Tom Callahan actually went in search of two Tigers, "Tiger One" being Earl Woods' long-lost comrade and friend from South Vietnam. It's a pity he confines this account to the prologue it would have made a fascinating volume in itself.
Earl's son, "Tiger Two", is less elusive, at least in body, as Callahan's efforts in bringing Earl Woods together with his old friend's relatives gave him slightly more than a writer's standard acquaintance with the family. That's not to say he got on intimate terms with the winner of eight majors it seems that few do. But Callahan is a fine writer, and in his attempts to pin down the essence of this remarkable sportsman he takes a 360-degree view of golf and its history, from Old Tom at Prestwick to the older lads at a Tiger Woods Junior Golf Clinic "who didn't hit it like kids". As far as anyone can pin down Tiger, Callahan has managed it.
Bantam Press, £12.99
At one of the match-fixing trials a few years ago, it was incorrectly stated in court that David Thomas was writing a book with Chris Vincent, Bruce Grobbelaar's former best friend, one of whose failed business ventures caused the rancour that took him to The Sun with his match-fixing allegations. At the end of the day's proceedings Thomas passed by the Zimbabwean goalkeeper, who smiled and sang, "Who you gonna call? Ghostwriters!"
Thomas spent more time than he seems to have intended covering the saga. At one point a destitute Vincent moved in with him, and he ended up a few grand poorer. He skilfully negotiates the convoluted tale and paints sharp portraits of Grobbelaar and Vincent, John Fashanu and Hans Segers, the Short Man and all the minor characters adrift in one of football's murkier backwaters. Few come out with credit, but Thomas's book deserves lots of it.
By David Frith
Aurum, £8.99 paperback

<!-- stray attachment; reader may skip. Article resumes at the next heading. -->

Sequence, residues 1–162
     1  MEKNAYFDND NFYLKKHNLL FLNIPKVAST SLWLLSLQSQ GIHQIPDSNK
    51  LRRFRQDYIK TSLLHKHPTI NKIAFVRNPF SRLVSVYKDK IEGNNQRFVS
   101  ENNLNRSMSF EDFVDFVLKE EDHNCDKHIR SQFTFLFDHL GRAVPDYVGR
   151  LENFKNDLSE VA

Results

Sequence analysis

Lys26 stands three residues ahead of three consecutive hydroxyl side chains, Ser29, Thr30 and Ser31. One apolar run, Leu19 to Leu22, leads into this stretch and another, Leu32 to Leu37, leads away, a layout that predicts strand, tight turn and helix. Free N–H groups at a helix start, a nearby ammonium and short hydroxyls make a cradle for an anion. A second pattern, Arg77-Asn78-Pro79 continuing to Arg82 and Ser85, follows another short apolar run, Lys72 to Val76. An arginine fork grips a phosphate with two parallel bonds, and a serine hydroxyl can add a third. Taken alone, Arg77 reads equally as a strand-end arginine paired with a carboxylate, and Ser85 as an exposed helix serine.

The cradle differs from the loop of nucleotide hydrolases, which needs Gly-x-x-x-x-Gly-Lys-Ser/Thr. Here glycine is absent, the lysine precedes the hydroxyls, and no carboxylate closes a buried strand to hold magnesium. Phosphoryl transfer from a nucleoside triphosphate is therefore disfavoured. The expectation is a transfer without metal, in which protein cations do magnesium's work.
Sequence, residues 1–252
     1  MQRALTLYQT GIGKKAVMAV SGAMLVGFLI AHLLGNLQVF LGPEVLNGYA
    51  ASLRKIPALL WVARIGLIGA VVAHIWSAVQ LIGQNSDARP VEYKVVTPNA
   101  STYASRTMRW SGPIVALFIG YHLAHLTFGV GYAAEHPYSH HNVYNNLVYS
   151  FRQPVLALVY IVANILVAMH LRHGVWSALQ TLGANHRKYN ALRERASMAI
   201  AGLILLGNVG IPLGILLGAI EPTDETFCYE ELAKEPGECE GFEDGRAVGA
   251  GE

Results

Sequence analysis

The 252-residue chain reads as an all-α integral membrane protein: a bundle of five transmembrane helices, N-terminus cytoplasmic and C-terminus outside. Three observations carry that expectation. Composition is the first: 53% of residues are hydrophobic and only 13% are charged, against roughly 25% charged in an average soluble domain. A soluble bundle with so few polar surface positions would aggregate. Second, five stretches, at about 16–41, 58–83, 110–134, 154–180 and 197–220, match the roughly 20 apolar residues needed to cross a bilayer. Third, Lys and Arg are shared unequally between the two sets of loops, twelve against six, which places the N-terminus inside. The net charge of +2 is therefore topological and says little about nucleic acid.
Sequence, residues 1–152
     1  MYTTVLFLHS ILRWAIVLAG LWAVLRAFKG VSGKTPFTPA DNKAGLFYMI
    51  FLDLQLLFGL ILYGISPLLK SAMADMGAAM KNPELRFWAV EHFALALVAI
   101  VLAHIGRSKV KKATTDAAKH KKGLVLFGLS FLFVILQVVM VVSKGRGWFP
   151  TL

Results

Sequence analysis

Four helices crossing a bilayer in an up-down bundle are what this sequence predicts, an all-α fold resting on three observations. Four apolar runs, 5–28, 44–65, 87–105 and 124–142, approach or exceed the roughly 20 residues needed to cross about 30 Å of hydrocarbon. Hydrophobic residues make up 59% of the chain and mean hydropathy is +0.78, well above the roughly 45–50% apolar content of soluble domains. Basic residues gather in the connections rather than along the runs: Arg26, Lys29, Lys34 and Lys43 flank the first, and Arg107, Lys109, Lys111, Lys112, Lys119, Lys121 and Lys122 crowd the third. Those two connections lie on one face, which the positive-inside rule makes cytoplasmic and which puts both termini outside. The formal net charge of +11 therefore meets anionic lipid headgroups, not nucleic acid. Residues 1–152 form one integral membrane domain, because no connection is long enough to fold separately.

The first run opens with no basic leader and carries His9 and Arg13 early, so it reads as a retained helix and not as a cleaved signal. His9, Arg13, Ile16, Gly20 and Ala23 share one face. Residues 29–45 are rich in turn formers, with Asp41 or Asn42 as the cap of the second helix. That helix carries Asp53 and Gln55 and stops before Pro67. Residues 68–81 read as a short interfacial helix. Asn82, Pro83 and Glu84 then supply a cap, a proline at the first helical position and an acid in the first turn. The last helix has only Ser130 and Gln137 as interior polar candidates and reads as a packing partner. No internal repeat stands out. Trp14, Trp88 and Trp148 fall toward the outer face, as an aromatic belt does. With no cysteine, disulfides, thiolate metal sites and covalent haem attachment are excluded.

Seventy years on, the Bodyline crisis still looms large in Anglo-Australian history and David Frith conducts an exhaustive examination of an episode that almost led to a rift in the Empire. The villain of the piece, Douglas Jardine, had ascertained that Don Bradman, despite being acknowledged as the world's best batsman, was not fond of fast bowling directed at the body "I've got it!" Jardine exclaimed. "He's yellow!"
So the England captain ordered his two fastest bowlers, Bill Voce and Harold Larwood, to bowl sustained barrages of legside bouncers with a fielding ring of steel. England won the Ashes but Britain nearly lost Australia. Frith, who founded Wisden Cricket Monthly, packs his account with details that bring to life the events of 1932-33. The key confrontations could have been more dramatically framed, but this must still be the definitive Bodyline tome.
Ajax, the Dutch, the War
By Simon Kuper
Dutch anti-semitism, Simon Kuper reports, is alive and kicking. The Netherlands has re-examined its conduct during the Second World War and has found as much collaboration as resistance. Not many adult Dutch Jews survived.
Like Spurs fans, Ajax supporters often wave Israeli flags. Rabbis walking through Rotterdam are followed by shouts of "Hey, Ajax." And when the Feyenoord captain, Ulrich van Gobbel, wanted to rouse the fans after winning the Dutch title in 1999, he shouted eight times into a microphone "Whoever doesn't jump is a Jew!"
Kuper won the William Hill in 1994 with Football Against the Enemy. This is of a more specialist bent but no less absorbing for it. He looks at the Holocaust and the war through Dutch football. And it makes a fascinating, eye-opening story.
Simon & Schuster, £17.99
When news broke that Tom Bower was writing a book on corruption in football, sweat probably appeared on quite a few brows. Bower is a heavyweight investigative journalist who has previously turned the light on, among others, Robert Maxwell, Mohamed Al Fayed and Geoffrey Robinson.
Broken Dreams does indeed show the game in a poor light. Some of the stories of agents' greed and perhaps more pertinently clubs' co-operation with them are shocking, while the game's administrators come across as weak and ineffective.
What the investigation perhaps lacks, however, is at least one major revelation of wrong-doing. While plenty of people in and around the game will have been embarrassed by the book, you cannot help wondering whether others might have let out a huge sigh of relief.
Mark PiersonReuse content